• May 2015
Add an event

Untitled Page

Toshiba and Adobe launch LeanPrint software

The program cuts costs by 40 percent by reducing paper and toner usage

By Elaine MurphyPublished: March 13, 2012 01:05 PM

Irvine-based Toshiba America Business Solutions Inc. has teamed up with Adobe to develop and release Adobe LeanPrint, a desktop software program that saves paper, ink and toner when printing documents.

LeanPrint optimizes page layout, color and formatting to save an average of 40 percent of the cost of paper and toner, and tracks these savings in a status bar. The software’s plugins for Microsoft and Adobe software, as well as Web browsers, provide easy access to the alternative printing method.

Instead of shrinking documents, the software arranges text in columns and prints graphs and charts in black and white patterns to conserve ink and paper.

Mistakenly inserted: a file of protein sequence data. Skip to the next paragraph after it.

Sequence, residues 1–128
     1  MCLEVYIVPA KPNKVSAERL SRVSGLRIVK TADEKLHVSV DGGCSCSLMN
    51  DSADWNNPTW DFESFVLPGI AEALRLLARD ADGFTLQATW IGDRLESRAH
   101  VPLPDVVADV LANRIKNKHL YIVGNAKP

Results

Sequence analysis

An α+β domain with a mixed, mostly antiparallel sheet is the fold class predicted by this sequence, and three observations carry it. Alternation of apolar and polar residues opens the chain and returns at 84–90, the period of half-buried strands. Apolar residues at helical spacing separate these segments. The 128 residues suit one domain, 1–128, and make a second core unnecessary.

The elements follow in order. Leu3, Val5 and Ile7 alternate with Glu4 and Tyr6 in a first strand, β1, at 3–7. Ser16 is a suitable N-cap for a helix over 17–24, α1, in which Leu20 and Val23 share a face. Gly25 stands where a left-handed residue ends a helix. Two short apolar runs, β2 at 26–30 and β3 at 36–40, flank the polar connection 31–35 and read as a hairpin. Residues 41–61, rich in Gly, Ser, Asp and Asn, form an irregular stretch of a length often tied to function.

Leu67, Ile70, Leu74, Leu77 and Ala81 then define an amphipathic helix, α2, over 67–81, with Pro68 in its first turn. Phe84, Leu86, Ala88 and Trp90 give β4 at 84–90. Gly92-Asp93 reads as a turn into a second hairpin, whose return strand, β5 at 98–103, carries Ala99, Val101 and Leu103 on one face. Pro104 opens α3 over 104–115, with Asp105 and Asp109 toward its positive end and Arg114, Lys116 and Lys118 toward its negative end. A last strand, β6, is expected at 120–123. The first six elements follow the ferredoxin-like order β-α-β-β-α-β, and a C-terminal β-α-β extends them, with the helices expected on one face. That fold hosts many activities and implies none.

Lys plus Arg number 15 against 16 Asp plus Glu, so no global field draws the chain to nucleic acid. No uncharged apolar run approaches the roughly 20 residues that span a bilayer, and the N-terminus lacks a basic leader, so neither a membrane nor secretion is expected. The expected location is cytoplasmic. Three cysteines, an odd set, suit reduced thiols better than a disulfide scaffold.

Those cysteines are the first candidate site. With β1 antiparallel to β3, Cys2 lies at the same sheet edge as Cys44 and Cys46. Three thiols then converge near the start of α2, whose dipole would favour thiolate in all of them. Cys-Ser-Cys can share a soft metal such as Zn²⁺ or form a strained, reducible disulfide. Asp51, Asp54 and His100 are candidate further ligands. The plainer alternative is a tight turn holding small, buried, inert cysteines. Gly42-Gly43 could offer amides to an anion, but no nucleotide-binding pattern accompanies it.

“Like Adobe, Toshiba is focused on helping businesses print smarter. That’s why we joined forces to bring LeanPrint to market and why Toshiba is proud to be Adobe’s first technology partner for LeanPrint,” said Bill Melo, vice president of marketing, services & solutions for Toshiba. “Together, Toshiba and Adobe have pioneered a new science of printing less. Using LeanPrint, documents are more elegant, readable and shareable through intelligent technology that optimizes the content. In the end, LeanPrint promises to revolutionize the way we all print at home and in the office by saving time, money and ultimately the environment.”

“Adobe’s goal is to bring LeanPrint’s cost savings to as many businesses and individual customers as possible,” said Raman Nagpal, senior director and general manager, print and scan business at Adobe. “We’re excited to join forces with Toshiba and work with customers who want to streamline workflows and increase efficiency in all printing jobs, large and small.”

A 30-day free trial of LeanPrint is available at business.toshiba.com.  

Related headlines
Toshiba to release the world’s thinnest 10-inch tablet
Toshiba releases a trio of camcorders
Irvine-based Toshiba introduces new 7-inch tablet